Panel Discussion on Radical Orthodoxy
John F Montag SJ
Patrick Aaron Riches
Conor Cunningham
Peter Candler
Tony Baker
Robert Miner (chair)

Treasure Room
Armstrong Browning Library

Sponsored by:

Worthwhile Responses to the ‘New Atheism’


In the recent years, a new brand of atheism has emerged represented mainly by the likes of Richard Dawkins, Daniel Dennett, Sam Harris, and Christopher Hitchens. Their critiques of Christianity and religion in general are really nothing new, but what is new is the way in which they are very loudly proclaiming their polemical message. Also, it seems, especially in the case of Dawkins and even more so in Hitchens, their critiques descend into really sloppy messes of just-plain-getting-things-wrong.

Below are a good handful of links I’ve gathered over the past year in response to the various books that have come out by these writers. Absent from this list is any response to Sam Harris’ work. With that, if anybody has any good responses they’ve found to Harris’ work, I will add it below; likewise, if I’ve missed some worthwhile engagements with Dawkins, Dennett and Hitchens, I will also append them to the lists. Lastly, a special hat-tip is in order to Lee, from whom I culled most of these links! ;)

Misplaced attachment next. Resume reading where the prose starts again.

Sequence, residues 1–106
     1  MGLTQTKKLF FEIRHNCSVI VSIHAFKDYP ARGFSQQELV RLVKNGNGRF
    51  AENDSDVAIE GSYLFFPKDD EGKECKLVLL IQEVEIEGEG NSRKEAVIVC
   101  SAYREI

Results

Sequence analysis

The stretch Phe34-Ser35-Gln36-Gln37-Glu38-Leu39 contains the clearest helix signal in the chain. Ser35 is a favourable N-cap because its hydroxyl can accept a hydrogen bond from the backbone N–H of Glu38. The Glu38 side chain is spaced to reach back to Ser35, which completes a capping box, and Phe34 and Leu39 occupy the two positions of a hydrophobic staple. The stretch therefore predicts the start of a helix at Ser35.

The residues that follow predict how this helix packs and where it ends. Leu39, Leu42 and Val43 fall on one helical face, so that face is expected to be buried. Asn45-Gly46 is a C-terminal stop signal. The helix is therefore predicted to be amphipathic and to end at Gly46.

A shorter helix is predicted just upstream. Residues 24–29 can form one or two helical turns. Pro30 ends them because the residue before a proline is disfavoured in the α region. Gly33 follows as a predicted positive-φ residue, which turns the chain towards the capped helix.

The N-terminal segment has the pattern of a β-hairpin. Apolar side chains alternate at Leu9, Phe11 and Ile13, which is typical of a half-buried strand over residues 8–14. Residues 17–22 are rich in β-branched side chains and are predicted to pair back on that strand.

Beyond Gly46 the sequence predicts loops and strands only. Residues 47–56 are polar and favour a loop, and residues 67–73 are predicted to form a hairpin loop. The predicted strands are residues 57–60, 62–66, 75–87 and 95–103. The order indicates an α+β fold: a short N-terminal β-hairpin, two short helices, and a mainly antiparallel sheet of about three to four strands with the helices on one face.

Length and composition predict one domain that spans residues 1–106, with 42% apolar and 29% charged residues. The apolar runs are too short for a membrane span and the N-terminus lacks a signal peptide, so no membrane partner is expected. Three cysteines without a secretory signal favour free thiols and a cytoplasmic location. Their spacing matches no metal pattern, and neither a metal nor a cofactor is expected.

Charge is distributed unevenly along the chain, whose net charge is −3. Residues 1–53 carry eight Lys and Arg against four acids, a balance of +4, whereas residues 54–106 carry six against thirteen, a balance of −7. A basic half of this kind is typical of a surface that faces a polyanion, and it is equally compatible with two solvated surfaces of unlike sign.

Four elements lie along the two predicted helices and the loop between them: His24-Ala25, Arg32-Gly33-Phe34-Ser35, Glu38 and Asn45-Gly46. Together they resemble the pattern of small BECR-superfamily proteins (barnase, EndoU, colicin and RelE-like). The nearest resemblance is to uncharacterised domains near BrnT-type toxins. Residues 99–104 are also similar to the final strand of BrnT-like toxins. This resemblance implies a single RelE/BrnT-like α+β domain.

Responses to Dawkins’ The God Delusion:

Responses to Christopher Hitchens’ God is Not Great: How Religion Poisons Everything:

Responses to Daniel Dennett’s Breaking the Spell: Religion as a Natural Phenomenon:

Of charitable conversations:

Forthcoming essay and book responses to the new atheism and naturalist crew:

  • Naturalism (Interventions), co-authored by Stewart Goetz and Charles Taliafero
  • “Trying My Very Best to Believe Darwin: The Supernaturalistic Fallacy: From Is to Nought” by Conor Cunningham in Belief and Metaphysics (Veritas)
  • Evolution: Darwin’s Pious Idea (Interventions), by Conor Cunningham. This is slated for a late 2008 release, I think.

Leithart on Augustine

The fires are still raging in San Diego. We are safe, but many are not. Meanwhile, life continues and so I am in a Panera Bread right now finishing up what will probably be 11-page take-home essay exam for my Metaphysics and Epistemology class. Tomorrow, I go back to work.